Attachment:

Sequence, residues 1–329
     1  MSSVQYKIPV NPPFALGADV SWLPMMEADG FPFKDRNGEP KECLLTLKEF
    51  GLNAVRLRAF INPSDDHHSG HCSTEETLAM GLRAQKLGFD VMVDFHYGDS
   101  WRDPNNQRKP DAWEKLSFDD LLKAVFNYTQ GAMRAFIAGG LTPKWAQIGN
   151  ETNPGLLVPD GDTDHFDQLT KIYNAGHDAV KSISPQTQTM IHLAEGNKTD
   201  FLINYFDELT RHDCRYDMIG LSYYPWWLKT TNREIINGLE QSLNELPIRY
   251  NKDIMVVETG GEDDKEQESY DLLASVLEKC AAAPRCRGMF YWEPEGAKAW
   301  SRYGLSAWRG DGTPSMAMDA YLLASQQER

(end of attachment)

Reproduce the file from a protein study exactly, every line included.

Sequence, residues 1–329
     1  MSSVQYKIPV NPPFALGADV SWLPMMEADG FPFKDRNGEP KECLLTLKEF
    51  GLNAVRLRAF INPSDDHHSG HCSTEETLAM GLRAQKLGFD VMVDFHYGDS
   101  WRDPNNQRKP DAWEKLSFDD LLKAVFNYTQ GAMRAFIAGG LTPKWAQIGN
   151  ETNPGLLVPD GDTDHFDQLT KIYNAGHDAV KSISPQTQTM IHLAEGNKTD
   201  FLINYFDELT RHDCRYDMIG LSYYPWWLKT TNREIINGLE QSLNELPIRY
   251  NKDIMVVETG GEDDKEQESY DLLASVLEKC AAAPRCRGMF YWEPEGAKAW
   301  SRYGLSAWRG DGTPSMAMDA YLLASQQER